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Books

Book Review

‘The Girl With a Clock for a Heart’ by Peter Swanson

Peter Swanson.

Jim Ferguson

Peter Swanson.

Peter Swanson’s debut opens with a man, George Foss, crossing crime-scene tape to enter a deserted house. “I’ll know what I’m looking for when I find it,” he says to himself. What he finds is a copy of “Rebecca’’ by Daphne du Maurier with a postcard of Tulum, Mexico, tucked inside. And just like that, within four pages of this thriller, you’re hooked.

George is a man in the throes of a peevish midlife crisis: He’s got a solid job (business manager at a well-respected literary publication); an attractive friend-with-benefits (Irene, by name, to whom he refuses to commit); a rent-controlled Boston apartment; and a Saab that he loves more than Irene. Plus, he has all his own hair.

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Still, “[a]pproaching forty, George felt as though his world had been slowly drained of all its colors. He’d passed that age when he could reasonably expect to fall madly in love with someone and raise a family, or to take the world by storm, or to have anything surprising lift him out of his day-to-day existence.”

When his college girlfriend — she with the titular timepiece for a heart — materializes, he knows she spells T-R-O-U-B-L-E: “Liana was not simply an ex-girlfriend who had once upon a time broken George’s heart; she was also, as far as George still knew, a wanted criminal. . . . She had, without doubt, murdered one person and mostly likely murdered another.”

That’s a lot of emotional baggage to be packing when you turn up in someone’s life after 20 years and ask for help, as Liana does with George.

As soon as George agrees to listen to Liana — for old times’ sake, you understand, and maybe because he just can’t stay away from her — the narrative breaks into unevenly alternating chapters of contemporary Boston and George and Liana’s Connecticut college connection.

A week of dalliance during an ice storm was the pinnacle of their young love, but then Liana abruptly disappeared from George’s life under highly disconcerting circumstances.

The college-aged George hops a bus to Sweetgum, Liana’s airless Florida hometown, in search of closure while middle-aged George battles Beantown’s smothering heat in a bid to discover the truth about the love of his life. Again.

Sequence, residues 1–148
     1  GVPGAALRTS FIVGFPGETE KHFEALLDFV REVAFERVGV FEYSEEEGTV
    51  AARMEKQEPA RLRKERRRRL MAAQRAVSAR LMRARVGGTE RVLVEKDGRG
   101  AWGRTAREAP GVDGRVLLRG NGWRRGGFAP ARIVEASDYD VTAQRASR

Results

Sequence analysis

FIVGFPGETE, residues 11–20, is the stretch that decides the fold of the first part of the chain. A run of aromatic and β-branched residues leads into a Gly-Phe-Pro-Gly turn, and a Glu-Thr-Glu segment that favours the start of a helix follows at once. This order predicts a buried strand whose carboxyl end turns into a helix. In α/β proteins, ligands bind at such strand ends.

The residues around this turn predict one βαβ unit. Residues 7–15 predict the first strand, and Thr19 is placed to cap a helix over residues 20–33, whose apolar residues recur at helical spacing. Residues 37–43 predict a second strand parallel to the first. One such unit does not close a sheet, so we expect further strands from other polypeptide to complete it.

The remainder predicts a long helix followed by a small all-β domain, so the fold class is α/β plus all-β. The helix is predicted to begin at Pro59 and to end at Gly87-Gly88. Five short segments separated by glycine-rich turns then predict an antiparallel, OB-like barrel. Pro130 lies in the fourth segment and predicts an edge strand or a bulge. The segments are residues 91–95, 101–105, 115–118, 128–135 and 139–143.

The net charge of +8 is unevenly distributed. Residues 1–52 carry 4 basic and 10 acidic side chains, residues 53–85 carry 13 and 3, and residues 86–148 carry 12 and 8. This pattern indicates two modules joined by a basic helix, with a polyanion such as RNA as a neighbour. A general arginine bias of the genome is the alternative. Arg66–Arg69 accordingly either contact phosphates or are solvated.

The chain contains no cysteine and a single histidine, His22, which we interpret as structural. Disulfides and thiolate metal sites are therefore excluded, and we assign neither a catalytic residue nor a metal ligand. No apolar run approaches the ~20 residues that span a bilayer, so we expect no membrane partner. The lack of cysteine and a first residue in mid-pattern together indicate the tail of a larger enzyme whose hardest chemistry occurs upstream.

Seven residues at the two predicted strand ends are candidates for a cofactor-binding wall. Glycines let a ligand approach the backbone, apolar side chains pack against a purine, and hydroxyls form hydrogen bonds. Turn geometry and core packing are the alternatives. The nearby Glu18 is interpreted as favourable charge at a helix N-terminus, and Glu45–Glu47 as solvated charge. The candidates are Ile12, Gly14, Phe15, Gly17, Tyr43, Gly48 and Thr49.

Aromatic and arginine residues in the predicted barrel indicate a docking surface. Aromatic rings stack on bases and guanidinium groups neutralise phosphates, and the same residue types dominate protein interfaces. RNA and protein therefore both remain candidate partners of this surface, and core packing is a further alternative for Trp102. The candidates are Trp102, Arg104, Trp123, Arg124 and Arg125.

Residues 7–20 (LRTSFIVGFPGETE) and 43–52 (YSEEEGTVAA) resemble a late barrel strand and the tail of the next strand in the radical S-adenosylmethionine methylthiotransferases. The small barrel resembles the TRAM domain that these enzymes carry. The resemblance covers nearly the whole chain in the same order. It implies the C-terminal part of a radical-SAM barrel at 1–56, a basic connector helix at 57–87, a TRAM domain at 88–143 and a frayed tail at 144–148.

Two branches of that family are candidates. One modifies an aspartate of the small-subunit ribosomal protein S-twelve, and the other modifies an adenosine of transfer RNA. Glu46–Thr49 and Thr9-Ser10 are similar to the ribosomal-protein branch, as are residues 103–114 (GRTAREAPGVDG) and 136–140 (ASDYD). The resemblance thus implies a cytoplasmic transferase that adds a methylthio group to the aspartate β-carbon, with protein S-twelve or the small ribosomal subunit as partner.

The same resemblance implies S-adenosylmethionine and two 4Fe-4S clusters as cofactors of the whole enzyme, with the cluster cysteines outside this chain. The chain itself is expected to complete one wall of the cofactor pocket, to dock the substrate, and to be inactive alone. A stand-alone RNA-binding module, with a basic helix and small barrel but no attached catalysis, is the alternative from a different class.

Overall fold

In Boston, the tale that Liana spins for George is rife with intrigue: See, there’s a shady, married furniture dealer who’s been keeping her as his mistress but now wants to end things. She’s absconded with $500,000 of his cash and is hiding it in a train station locker.

She’s also terrified of a bone-crushing baddie named Donnie Jenks. (George has the bad luck to cross paths with him.) She lays her cards on the table: She wants to pay George to play go-between for her and the furniture dealer, returning the money to him in exchange for his calling off Jenks.

All this while allowing George provocative glimpses of her breasts. Everything about Liana, her obvious story, and her even more obvious bosom screams red-hot alarm bells, but George takes the bait anyway; just seeing her “was like hearing a song he knew every note of but hadn’t heard for twenty years.” Besides, as he notes at one point, “It’s been a boring summer.”

While you might want to grab George and give him a good shake, the parallel stories unwind relentlessly with audacious and spectacular twists, doubling back, finally, to that copy of “Rebecca’’ in the deserted house. An intense mix of noir, pulp fiction, and fun — you can tell that Swanson, a Boston native, is happily in his element here — the novel is laden with atmospheric, evocative descriptions, ripe for cinematic translation. The most unsurprising aspect of this book? It’s already been optioned for a film.

Daneet Steffens is a journalist and book critic. Follow her on Twitter @daneetsteffens.
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